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If you take a look at the plastic in your wallet the 16 digit credit card number is broken into 4 groups of 4. Im trying to do the same thing,

Currently I have a string that has 16 digits but is formed as 1 single number. How can I add a " " after the 4th 8th & 12th number?

Any tips would be really helpful.

Thanks

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5 Answers

up vote 1 down vote accepted

Try something similar to this answer, using a NumberFormatInfo:

NumberFormatInfo format = new NumberFormatInfo();
format.NumberGroupSeparator = " ";
format.NumberGroupSizes = new[] { 4 };
format.NumberDecimalDigits = 0;

Use as:

long number = 7314787188619939;
string formatted = number.ToString("n", format);
Console.WriteLine(formatted);

Or, if you're dealing with a string, you may choose can use a regex for a quick string manipulation. This will be easy to adapt to other characters:

string str = "7314787188619939";
str = Regex.Replace(str, "(?!^).{4}", " $0" ,RegexOptions.RightToLeft);
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The OP has the "number" as a string, not an integer. –  Gabe Apr 13 '11 at 4:57
    
@Gabe - Already there :). It's possible the OP just did a .ToString though, so it may have value. –  Kobi Apr 13 '11 at 4:58
    
nice one Kobi, the regex is a nice way to do it :) –  Diver Dan Apr 13 '11 at 5:07
    
string[] returnValue = Regex.Replace(forSplit, String.Format("(?!^).{{{0}}}", splitLength), " $0", RegexOptions.RightToLeft).Split(' '); allows passing 'splitLength' as a parameter –  noonand Aug 19 '11 at 11:32
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var number = 1234567890123456;
number.ToString( "0000-0000-0000-0000" );
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+1 Glad to see a simple solution to a simple problem. Some of the other answers are unnecessarily complex. At least so far, no one's suggested using a regex... –  Cody Gray Apr 13 '11 at 4:59
    
@Cody - Sorry, but I have a regex in my answer. As Gabe commented, the OP may have a string, not a number, so that may be a valid approach. Also, the OP wants spaces, not dashes, but that's an easy fix. –  Kobi Apr 13 '11 at 5:01
    
+1...................simple one solution............... –  Pranay Rana Apr 13 '11 at 5:10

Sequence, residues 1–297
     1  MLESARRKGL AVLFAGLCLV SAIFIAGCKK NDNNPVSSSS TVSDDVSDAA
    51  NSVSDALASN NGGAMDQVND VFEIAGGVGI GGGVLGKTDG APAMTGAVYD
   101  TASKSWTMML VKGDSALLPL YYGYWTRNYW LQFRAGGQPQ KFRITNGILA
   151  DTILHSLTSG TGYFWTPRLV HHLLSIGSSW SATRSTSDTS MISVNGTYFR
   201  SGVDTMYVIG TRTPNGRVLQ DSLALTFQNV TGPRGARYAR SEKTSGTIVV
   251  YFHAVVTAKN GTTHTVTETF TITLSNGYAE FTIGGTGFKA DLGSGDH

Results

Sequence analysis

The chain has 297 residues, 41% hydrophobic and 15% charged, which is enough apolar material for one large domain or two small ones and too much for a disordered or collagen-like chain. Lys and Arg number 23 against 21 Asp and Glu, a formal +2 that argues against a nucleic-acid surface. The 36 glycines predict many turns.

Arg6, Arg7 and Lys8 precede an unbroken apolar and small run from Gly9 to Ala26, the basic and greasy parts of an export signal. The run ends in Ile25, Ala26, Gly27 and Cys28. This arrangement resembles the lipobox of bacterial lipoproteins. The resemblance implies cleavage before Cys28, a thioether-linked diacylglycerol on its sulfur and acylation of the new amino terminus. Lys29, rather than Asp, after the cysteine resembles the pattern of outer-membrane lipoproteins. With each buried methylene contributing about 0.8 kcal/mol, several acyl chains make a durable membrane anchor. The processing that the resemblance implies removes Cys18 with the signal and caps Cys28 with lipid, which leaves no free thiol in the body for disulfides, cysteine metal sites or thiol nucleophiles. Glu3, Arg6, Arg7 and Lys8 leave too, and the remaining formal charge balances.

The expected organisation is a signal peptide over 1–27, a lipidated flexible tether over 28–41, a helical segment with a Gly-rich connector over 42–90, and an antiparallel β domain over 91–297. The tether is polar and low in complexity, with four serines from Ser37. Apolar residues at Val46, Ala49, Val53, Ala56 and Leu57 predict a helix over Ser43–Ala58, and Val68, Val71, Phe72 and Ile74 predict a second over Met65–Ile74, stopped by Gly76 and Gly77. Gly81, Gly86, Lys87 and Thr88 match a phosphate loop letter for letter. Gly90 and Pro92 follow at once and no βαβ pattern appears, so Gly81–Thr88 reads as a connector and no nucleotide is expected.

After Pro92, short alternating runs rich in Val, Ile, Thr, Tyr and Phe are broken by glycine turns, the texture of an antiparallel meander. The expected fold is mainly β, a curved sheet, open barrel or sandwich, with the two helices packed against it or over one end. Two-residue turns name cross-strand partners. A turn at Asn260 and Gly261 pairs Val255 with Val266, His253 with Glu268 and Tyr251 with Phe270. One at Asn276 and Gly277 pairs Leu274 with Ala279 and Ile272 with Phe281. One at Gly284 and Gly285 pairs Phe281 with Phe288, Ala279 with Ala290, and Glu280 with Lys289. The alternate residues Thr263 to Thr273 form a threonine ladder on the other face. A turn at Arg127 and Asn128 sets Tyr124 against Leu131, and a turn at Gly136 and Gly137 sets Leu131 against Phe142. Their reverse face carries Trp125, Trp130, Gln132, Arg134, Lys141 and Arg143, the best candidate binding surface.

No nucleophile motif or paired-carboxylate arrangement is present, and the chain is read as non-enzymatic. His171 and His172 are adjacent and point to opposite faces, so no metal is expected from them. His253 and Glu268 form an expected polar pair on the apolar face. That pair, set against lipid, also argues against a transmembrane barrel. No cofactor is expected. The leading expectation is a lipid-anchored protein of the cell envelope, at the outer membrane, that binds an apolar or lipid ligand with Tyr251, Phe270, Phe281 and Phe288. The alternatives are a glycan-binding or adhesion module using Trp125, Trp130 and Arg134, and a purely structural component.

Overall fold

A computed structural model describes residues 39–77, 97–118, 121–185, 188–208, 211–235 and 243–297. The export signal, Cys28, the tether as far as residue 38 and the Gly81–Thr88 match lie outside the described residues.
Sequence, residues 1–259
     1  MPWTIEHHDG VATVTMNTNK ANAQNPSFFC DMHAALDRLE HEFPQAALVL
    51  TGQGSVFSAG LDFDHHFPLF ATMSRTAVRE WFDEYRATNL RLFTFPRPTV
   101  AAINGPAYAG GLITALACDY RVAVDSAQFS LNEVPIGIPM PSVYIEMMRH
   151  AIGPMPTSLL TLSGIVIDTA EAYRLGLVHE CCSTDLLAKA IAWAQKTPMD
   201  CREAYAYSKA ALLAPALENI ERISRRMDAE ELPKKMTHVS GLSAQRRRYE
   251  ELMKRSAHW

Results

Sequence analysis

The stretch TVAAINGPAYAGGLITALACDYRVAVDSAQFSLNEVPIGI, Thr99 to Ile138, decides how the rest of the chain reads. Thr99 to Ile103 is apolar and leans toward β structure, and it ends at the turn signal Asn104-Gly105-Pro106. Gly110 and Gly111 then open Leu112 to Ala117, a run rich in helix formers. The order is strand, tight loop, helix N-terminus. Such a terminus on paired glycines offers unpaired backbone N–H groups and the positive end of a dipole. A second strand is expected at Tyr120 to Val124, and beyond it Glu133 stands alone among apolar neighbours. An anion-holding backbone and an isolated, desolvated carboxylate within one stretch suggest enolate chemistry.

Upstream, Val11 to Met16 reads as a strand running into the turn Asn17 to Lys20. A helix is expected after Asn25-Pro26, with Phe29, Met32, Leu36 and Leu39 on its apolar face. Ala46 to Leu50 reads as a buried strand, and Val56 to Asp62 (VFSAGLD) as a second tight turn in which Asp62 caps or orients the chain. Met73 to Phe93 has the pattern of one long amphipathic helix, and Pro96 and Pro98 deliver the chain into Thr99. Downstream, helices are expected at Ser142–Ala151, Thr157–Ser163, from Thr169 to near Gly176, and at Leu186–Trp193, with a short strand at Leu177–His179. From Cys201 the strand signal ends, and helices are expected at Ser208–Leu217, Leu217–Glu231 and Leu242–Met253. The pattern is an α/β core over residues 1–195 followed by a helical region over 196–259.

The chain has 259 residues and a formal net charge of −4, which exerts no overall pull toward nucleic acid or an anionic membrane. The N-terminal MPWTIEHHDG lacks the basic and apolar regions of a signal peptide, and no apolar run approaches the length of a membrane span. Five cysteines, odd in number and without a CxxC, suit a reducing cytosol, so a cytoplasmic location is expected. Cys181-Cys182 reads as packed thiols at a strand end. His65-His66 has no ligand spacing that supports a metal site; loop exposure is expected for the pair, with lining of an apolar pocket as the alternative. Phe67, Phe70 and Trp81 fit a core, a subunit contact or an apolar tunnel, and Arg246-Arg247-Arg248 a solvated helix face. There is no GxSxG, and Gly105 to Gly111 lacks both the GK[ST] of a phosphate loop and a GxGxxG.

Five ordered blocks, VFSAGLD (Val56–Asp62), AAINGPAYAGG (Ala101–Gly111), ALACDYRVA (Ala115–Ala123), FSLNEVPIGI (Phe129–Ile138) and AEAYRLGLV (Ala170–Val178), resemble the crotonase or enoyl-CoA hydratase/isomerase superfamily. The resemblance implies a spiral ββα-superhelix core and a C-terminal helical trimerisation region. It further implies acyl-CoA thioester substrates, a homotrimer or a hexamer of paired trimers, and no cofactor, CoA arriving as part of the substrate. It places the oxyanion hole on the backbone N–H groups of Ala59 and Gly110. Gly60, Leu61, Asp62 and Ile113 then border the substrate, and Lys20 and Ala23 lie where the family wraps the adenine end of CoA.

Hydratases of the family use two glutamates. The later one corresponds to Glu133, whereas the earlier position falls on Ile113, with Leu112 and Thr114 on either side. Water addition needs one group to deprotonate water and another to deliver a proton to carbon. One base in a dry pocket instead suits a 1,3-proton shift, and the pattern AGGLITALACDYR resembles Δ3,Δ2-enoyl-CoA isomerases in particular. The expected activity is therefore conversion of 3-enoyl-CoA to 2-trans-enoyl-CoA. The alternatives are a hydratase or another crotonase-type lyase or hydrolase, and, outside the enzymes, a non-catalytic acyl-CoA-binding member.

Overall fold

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There are many answers. Given a string s=1234567890123456 the easiest might be to create a StringBuilder and append it. Untested code example below.

StringBuilder sb = new StringBuilder();
for (int i = 0; i < s.Length; i += 4)
{
      sb.append(s.Substring(i, 4)); // Append these 4
      if (i != s.Length - 4)
          sb.append(" "); // append a space for all but the last group
}
Console.WriteLine(sb.ToString());
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1  
If you do i += 4 you won't need your if statement. Don't forget that last set of 4 chars, though. –  Gabe Apr 13 '11 at 4:55
    
You're entirely correct, as I said it was untested - just giving a reference. –  Ben Apr 13 '11 at 4:58
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You may try something like this, an extension method

    public static IEnumerable<String> SplitToParts(this String forSplit, Int32 splitLength) 
    {   
        for (var i = 0; i < forSplit.Length; i += splitLength)
          yield return forSplit.Substring(i, Math.Min(splitLength, forSplit.Length - i));
    }
string s ="1234123412341234";

s.SplitToParts(4) should do the trick

Hope this works !

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string number = "1234567890ABCDEF";
int counter = 0;
var result = number
    .GroupBy(_ => counter++ / 4)
    .Select(g => new String(g.ToArray()));
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